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Education goals misunderstood
With all due respect, School District 69 (Qualicum) board chair Lynette Kershaw needs to review the history of public education in Canada and North America.
Her comment (‘Per student funding is the issue, says Qualicum school board chair,’ The NEWS, Feb. 25) that “...the current system is still based in the agrarian world of 100 years ago when parents just wanted somewhere to send kids for the day” reveals a lack of understanding of the philosophy and objectives of public education arising from 19th century humanist goals to improve the lot of individual citizens and society in general.
The original concept of public education as an alternative to private or parochial schooling was to create a publicly-funded system that was mass, universal and affordable.
‘Mass’ would make it nationwide, ‘universal’ would offer a coordinated curriculum of literacy and numeracy across jurisdictions and ‘affordable’ would provide for government funding within its means to support the system from the public purse.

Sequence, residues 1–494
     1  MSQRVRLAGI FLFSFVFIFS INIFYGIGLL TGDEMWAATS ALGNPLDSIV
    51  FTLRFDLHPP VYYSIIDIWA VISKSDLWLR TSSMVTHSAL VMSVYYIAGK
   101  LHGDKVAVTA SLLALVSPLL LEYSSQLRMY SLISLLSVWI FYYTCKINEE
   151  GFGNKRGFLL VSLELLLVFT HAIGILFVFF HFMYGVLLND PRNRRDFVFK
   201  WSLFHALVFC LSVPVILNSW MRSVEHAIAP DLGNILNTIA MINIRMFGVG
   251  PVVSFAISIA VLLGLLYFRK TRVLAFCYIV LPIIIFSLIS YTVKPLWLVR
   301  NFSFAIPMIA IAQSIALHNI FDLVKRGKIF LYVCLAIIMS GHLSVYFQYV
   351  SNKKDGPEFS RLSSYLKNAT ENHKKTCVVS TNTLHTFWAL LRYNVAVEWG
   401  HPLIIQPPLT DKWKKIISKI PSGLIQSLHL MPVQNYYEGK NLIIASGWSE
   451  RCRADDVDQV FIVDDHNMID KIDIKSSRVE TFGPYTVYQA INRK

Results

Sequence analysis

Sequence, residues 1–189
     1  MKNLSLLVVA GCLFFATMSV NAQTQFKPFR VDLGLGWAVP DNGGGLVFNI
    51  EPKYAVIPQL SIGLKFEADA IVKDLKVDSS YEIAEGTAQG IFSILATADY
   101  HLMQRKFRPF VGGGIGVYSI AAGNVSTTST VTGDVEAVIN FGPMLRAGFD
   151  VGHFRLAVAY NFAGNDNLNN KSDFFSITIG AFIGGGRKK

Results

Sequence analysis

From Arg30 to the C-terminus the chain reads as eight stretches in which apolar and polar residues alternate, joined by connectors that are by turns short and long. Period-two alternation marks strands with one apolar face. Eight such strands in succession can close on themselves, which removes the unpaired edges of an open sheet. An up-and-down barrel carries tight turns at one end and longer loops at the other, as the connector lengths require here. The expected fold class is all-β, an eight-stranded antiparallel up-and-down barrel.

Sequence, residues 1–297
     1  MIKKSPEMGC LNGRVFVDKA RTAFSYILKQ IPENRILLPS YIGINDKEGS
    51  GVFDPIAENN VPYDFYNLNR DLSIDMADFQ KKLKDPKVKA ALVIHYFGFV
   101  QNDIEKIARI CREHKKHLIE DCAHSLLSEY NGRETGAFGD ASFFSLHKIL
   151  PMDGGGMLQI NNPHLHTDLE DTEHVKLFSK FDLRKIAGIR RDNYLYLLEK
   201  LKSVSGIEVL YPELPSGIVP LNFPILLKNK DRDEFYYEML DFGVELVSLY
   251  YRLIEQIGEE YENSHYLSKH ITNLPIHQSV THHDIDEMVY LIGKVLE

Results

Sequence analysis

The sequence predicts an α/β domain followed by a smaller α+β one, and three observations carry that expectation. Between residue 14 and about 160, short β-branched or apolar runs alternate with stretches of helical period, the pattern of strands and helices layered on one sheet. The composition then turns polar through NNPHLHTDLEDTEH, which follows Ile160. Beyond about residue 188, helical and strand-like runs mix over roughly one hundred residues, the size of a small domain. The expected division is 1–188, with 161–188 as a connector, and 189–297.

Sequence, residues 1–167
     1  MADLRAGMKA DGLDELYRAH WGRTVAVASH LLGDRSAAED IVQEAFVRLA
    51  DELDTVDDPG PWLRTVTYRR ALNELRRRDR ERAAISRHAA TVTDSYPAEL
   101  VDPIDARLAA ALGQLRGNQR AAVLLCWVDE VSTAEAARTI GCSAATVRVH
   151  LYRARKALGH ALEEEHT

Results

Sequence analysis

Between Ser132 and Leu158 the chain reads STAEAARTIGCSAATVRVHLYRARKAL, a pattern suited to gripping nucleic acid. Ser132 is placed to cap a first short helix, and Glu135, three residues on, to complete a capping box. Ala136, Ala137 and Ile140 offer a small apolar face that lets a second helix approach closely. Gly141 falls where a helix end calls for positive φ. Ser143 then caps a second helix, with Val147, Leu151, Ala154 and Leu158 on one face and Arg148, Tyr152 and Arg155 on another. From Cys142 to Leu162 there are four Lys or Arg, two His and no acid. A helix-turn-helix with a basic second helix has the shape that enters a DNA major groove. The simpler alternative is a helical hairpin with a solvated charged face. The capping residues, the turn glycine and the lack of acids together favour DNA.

This new public system did not receive universal acceptance at first, especially from farm families who must send child laborers away for the day and others who didn’t support the formal education of females.
Compulsory attendance had to be invoked to ensure school-age children could participate. Schools were not intended to be daycare centers to free farmers to work without children under foot. Quite to the contrary, the public education model provided an opportunity for all children and youth to develop skills in the “Three Rs” not otherwise available from parents at home on the farm.
The current education system is indeed hampered by the 19th century ‘agrarian model’. The summer break is a vestigial remnant of an earlier time in history when crops had to be harvested and annual tasks performed.
If boards of education and school districts really want to provide a 21st century system of learning, they must consider keeping schools open year-round to offer greater opportunity and flexibility to the people they serve, while eliminating a dependency on under-utilized facilities.
This would be a campaign promise that could be kept and would eliminate the need to have an extended spring break to compensate for budget shortfalls.